Saturday, March 15, 2008

“English Only” Policies in the Workplace (Employment Law)

Many employers across the country seek to promulgate “English Only” policies in the workplace, thereby requiring all of their employees to speak English when they are at work.  At first blush, such a policy does not necessarily seem like it should spark a discrimination claim because while it may be unlawful to discriminate against someone’s place of origin, it is not unlawful to discriminate against someone on the basis of their ability or inclination to speak in English... or is it?  According...

Thursday, February 21, 2008

New FMLA Rules for Families of Military Personnel
(Employment Law)

In 1993, Congress passed the Family Medical Leave Act which, in a nutshell, requires companies that employ 50 or more employees to provide up to 12 weeks of unpaid leave within a one-year period to employees (a) who have sustained serious illnesses and injuries; (b) who care for a family member suffering a serious injury or illness; or (c) who have a newborn or adopted child.   On January 28 of this year, Congress amended the Family Medical Leave Act by enacting the National Defense...

Friday, February 1, 2008

A Shift of Power (Entertainment Law)

The California Talent Agencies Act (Ca. Lab. Code § 1700.5 et seq.) was enacted by the California legislature in 1986 to protect artists against potential abuses by professionals who handled the business aspects of their careers.  It requires any person who procures (or attempts to procure) employment for a qualified artist (e.g., actor, writer, director, singer, etc.) to be licensed as a talent agent under the Act.  This is not a facile process.  In order to qualify for licensure, prospective...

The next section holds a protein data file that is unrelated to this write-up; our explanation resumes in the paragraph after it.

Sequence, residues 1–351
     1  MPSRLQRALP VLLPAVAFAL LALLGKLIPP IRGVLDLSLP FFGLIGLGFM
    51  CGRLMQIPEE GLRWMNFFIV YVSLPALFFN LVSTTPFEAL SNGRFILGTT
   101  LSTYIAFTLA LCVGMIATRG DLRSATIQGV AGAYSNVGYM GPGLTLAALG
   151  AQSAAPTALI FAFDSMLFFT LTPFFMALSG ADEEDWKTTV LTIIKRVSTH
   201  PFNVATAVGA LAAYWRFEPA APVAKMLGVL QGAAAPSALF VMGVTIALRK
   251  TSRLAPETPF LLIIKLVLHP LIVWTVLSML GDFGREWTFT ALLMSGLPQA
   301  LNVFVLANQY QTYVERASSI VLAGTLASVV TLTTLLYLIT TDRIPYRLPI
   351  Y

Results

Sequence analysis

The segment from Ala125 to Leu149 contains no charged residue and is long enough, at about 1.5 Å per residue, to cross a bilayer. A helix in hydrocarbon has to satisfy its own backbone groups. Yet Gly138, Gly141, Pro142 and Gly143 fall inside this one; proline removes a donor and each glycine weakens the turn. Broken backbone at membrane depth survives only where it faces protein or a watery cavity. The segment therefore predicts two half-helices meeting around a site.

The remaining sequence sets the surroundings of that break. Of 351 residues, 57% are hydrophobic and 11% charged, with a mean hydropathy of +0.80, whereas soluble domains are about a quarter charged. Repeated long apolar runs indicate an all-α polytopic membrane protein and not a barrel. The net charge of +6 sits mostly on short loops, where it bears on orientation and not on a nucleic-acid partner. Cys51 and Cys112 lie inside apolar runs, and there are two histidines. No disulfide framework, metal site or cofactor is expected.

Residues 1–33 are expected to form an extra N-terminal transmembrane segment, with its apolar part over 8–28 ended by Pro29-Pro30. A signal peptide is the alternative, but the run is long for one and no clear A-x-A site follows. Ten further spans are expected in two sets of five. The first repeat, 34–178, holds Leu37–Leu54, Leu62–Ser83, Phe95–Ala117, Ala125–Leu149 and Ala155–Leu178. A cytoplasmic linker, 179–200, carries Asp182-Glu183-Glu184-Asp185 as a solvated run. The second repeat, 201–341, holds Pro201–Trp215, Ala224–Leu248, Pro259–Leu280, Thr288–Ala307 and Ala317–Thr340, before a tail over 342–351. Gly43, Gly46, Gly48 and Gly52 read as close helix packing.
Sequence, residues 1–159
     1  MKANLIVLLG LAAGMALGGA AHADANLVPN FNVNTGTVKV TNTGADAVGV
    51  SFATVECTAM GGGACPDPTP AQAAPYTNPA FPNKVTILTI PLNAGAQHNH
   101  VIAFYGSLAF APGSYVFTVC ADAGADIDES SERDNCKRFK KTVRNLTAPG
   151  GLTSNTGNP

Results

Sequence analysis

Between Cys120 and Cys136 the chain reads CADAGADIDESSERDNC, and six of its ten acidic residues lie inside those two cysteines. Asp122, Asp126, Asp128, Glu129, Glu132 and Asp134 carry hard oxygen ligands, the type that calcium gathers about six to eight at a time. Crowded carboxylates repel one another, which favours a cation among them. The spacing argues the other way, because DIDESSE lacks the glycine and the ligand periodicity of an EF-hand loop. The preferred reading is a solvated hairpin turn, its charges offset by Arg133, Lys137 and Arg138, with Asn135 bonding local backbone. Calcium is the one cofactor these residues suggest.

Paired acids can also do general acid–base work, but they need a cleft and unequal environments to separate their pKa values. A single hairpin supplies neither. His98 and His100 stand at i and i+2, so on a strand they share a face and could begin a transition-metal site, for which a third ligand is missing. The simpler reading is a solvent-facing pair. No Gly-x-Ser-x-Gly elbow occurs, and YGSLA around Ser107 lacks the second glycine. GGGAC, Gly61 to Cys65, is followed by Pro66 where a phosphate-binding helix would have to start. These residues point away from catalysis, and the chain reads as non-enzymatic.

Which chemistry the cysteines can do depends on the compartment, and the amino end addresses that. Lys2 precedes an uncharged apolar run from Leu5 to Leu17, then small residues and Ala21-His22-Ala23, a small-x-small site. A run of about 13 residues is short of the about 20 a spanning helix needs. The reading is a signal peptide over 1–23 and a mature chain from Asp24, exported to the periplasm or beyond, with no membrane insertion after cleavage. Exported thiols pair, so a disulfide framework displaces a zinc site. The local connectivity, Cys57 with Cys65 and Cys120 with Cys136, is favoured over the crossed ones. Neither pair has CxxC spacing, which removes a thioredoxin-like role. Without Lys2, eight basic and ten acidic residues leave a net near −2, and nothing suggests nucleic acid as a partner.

Sunday, July 15, 2007

A Matter of National Security 
(Federal Legislation & Public Policy)

The Rail and Public Transportation Security Act of 2007 was recently passed by Congress, however, Section 137 of HR 1401 falls short of its manifest objective. The so-called “Flying Imams” litigation currently pending in Minnesota underscores a vital public policy need to prevent good faith tipsters of suspicious activity from being intimidated by lawsuits.  However, the law does not stop someone from being sued; It merely codifies a defense that was already available to tipsters at common law. 

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